Were the futures markets not so decisively discounted, I would dare to say that bears have little room to talk. The discounts give bears a reason to be bearish the supply issues. However demand does not, and futures are not perceived reflecting the demand.
Hence again, this year of transition will be spent attempting to aggregate the basis between a strong cash market and a non-believing futures market.
I perceive focusing on this issue alone will help to make beneficial marketing decisions.
Traders are firming futures this morning as it appears regardless of what is to come, there isn't enough at present. Although most eyes are on the April and June contracts, I continue to view the December contract and further out as ones to own when attempting to aggregate the basis.
The seasonal tendency turns ugly for the April and June contracts towards the end of this week. With the discount of futures as they are, futures may do little more than continue to trade in the range they have been since the Jan. 19 high was made.
Were April to near the $118.00 area again, some tough choices will have to be made as to whether to hedge them or not.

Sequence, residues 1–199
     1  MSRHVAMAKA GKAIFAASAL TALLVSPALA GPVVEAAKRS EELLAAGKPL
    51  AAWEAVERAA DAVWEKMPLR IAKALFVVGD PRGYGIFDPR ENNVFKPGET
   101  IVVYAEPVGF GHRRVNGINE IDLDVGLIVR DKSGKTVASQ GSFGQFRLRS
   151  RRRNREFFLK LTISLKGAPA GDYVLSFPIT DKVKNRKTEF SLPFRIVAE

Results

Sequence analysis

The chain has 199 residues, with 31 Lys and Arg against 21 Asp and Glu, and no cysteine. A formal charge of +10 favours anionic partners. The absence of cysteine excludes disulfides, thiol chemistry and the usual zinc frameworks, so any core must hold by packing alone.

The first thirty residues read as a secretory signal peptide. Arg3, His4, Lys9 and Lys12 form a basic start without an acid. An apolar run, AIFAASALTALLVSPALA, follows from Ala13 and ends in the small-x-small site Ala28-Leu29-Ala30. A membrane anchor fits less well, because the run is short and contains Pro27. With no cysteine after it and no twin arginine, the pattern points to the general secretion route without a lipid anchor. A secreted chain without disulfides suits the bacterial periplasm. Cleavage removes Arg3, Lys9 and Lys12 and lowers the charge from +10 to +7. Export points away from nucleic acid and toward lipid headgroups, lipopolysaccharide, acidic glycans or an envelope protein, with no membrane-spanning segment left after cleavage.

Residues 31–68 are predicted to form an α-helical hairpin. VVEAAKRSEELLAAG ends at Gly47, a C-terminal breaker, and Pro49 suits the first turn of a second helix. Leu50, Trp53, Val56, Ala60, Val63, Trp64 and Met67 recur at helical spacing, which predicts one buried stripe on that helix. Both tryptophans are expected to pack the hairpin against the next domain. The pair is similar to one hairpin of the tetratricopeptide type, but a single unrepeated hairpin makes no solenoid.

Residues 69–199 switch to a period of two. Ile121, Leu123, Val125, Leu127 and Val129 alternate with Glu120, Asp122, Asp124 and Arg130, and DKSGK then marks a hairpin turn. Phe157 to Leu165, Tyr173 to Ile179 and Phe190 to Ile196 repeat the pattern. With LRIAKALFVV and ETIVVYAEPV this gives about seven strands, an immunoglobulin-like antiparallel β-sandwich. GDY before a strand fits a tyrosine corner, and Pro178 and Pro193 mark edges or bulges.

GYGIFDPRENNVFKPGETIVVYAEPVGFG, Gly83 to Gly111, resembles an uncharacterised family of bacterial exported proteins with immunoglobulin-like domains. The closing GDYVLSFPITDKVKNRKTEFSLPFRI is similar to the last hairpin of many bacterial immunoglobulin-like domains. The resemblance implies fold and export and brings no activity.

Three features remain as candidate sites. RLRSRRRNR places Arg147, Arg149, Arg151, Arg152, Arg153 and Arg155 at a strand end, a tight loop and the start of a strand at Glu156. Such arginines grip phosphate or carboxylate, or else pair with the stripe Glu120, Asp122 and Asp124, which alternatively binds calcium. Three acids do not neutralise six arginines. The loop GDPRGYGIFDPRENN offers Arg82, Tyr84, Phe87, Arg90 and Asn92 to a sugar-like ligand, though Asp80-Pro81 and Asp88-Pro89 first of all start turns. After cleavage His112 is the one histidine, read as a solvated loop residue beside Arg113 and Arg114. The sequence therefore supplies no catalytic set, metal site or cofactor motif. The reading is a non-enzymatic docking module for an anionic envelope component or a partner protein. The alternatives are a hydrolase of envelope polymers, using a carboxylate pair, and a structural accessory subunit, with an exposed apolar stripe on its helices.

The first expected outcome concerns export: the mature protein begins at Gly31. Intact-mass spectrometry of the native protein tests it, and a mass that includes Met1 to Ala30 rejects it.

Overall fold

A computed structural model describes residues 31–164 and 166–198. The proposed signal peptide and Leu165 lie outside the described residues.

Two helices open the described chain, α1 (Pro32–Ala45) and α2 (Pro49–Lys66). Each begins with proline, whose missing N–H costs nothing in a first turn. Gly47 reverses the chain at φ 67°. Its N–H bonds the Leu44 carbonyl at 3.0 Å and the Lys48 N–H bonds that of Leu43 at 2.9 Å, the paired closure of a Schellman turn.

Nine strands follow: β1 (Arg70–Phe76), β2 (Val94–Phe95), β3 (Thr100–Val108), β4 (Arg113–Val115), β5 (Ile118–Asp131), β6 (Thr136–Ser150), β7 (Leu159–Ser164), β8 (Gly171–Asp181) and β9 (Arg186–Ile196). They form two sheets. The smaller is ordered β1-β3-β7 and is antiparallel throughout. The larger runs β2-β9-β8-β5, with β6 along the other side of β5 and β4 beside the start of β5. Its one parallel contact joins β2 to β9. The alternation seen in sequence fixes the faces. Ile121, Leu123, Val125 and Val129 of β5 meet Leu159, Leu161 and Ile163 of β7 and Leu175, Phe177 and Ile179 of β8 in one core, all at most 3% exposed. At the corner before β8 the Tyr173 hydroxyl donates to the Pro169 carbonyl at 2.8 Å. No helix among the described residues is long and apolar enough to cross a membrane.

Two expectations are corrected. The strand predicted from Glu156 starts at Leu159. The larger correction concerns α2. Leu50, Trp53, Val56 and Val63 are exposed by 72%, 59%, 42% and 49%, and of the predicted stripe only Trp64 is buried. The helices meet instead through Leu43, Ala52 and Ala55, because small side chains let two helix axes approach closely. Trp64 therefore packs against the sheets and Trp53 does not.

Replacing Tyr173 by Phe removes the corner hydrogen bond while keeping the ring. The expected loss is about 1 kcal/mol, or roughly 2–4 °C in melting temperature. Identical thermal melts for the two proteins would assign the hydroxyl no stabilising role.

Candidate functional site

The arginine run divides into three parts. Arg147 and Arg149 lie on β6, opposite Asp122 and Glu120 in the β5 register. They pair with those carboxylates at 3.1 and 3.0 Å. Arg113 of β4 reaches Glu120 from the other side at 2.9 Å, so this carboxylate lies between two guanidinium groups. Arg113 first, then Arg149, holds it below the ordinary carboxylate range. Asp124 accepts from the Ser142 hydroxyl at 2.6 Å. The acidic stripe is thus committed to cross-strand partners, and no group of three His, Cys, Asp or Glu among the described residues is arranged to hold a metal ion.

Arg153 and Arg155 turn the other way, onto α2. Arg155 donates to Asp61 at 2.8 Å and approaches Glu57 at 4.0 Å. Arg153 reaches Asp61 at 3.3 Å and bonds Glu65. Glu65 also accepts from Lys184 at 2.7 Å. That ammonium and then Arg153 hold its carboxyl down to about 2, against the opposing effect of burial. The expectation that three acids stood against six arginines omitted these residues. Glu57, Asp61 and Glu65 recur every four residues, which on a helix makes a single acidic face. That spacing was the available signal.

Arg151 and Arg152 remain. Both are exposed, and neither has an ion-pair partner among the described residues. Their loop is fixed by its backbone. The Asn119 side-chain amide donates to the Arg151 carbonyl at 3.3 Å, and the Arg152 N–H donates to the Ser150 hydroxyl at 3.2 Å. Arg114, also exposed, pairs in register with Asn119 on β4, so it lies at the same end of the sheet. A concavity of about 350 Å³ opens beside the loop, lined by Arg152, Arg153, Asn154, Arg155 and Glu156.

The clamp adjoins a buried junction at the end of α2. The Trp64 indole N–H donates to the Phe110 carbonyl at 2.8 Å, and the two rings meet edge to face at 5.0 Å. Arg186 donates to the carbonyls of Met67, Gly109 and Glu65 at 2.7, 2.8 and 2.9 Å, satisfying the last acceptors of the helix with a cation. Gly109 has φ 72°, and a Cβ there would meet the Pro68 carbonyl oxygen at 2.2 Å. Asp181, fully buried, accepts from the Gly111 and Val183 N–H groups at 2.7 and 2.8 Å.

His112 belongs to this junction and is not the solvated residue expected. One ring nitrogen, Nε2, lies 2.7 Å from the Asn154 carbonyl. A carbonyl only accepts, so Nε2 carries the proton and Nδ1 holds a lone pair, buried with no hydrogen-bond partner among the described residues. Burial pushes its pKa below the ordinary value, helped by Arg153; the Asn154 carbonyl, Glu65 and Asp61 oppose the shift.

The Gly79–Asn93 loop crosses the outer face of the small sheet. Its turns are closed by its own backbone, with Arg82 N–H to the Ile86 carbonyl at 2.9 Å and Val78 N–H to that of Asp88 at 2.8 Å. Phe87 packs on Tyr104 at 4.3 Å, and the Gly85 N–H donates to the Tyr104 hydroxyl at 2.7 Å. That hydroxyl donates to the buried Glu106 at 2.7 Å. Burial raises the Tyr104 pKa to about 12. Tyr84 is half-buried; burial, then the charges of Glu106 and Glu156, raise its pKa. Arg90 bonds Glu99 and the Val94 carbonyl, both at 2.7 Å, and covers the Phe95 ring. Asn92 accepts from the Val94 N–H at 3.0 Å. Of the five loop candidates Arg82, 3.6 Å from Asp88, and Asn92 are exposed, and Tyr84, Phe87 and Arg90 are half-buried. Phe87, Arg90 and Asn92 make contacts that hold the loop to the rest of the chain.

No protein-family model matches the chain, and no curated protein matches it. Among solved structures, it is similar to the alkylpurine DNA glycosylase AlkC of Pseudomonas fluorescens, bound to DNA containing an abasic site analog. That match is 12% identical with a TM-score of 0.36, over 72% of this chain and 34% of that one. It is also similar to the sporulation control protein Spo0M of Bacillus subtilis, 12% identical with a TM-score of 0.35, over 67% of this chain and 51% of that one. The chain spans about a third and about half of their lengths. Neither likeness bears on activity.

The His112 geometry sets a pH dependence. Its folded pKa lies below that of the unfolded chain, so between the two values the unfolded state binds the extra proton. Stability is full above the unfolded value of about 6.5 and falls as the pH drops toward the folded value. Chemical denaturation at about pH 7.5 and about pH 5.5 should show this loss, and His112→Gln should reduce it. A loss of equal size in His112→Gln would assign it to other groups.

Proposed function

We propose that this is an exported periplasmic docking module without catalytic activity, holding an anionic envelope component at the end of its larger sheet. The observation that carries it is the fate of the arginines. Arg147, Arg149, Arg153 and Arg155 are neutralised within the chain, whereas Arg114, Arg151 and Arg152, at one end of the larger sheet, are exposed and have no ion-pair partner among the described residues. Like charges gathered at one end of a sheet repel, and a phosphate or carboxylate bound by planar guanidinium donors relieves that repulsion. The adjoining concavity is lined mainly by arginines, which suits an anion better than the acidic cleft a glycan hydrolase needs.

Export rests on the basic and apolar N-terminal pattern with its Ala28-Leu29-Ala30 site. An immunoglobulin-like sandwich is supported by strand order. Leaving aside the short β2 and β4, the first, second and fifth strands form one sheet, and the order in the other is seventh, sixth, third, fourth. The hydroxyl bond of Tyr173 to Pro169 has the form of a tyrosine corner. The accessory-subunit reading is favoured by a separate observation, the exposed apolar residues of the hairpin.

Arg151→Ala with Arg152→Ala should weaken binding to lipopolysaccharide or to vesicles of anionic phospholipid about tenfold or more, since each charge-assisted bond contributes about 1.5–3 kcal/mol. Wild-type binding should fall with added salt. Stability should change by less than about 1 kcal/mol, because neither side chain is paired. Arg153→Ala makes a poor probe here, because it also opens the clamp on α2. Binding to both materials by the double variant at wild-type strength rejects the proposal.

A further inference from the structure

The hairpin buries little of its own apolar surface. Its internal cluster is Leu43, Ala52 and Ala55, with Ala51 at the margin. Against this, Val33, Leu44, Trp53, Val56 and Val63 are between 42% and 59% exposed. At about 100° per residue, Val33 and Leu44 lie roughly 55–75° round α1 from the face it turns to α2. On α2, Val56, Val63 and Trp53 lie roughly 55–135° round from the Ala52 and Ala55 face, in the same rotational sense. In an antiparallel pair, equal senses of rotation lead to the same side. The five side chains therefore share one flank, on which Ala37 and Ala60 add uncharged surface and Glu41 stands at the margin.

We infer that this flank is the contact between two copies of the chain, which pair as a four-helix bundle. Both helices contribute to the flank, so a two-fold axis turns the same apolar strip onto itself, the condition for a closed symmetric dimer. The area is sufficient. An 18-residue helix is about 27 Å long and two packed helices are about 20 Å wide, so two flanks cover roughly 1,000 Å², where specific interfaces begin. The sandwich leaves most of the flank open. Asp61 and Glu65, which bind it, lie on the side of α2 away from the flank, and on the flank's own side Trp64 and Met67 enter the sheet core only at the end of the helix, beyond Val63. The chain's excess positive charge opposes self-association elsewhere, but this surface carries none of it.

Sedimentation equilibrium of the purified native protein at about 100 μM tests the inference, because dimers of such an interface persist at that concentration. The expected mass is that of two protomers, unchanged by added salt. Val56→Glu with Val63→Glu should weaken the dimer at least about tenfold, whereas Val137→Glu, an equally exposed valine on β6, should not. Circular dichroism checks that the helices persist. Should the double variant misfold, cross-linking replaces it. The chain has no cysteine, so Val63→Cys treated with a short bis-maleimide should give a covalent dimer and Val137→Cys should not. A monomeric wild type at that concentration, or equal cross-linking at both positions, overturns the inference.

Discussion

What has potential to improve one's final sale price and still not be exposed short would be to sell calls. Bear spreads are anticipated to work well in this environment through April, when the seasonality turns more positive. Selling front end and buying the back end would be a way to quasi arbitrage the basis spread between April (closest related to cash) and the October and further-out months. By today's price action, I am not the only one that perceives this.
Feeders are marking time to see what the wheat grazers are going to do. Some appear to be making regular marketing's while others in the more stressed areas are keeping cattle on the wheat longer and forego the wheat crop. This won't cause any numbers to decline, but could spread the bulk of wheat cattle out over a longer period of time coming into yards.
There are some further steps needed to complete the wave 2, and price action today isn't enough to get it done today. Every piece of information I read over the weekend has had some change in analytics from the weeks prior. Some more subtle than others, but some are suggesting the increase in demand will cause the worst of the supply situation to be muted by this factor.
Regardless, the changing of the spreads between contract months, and persistent narrowing of the basis towards going negative suggests the worst may be over with this spring for the feeder market.
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